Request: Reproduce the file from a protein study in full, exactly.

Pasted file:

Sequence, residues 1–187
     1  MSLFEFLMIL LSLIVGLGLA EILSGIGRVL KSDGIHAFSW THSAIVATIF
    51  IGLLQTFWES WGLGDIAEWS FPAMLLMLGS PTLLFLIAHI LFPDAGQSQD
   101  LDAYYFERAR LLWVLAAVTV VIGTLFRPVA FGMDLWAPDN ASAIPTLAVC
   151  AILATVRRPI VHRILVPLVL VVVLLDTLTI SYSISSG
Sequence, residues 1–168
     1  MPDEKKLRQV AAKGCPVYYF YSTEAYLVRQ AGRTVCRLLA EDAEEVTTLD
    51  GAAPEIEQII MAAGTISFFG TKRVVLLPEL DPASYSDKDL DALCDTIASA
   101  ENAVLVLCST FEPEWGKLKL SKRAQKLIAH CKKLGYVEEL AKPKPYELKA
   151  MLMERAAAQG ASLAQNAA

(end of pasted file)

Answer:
Sequence, residues 1–187
     1  MSLFEFLMIL LSLIVGLGLA EILSGIGRVL KSDGIHAFSW THSAIVATIF
    51  IGLLQTFWES WGLGDIAEWS FPAMLLMLGS PTLLFLIAHI LFPDAGQSQD
   101  LDAYYFERAR LLWVLAAVTV VIGTLFRPVA FGMDLWAPDN ASAIPTLAVC
   151  AILATVRRPI VHRILVPLVL VVVLLDTLTI SYSISSG
Sequence, residues 1–168
     1  MPDEKKLRQV AAKGCPVYYF YSTEAYLVRQ AGRTVCRLLA EDAEEVTTLD
    51  GAAPEIEQII MAAGTISFFG TKRVVLLPEL DPASYSDKDL DALCDTIASA
   101  ENAVLVLCST FEPEWGKLKL SKRAQKLIAH CKKLGYVEEL AKPKPYELKA
   151  MLMERAAAQG ASLAQNAA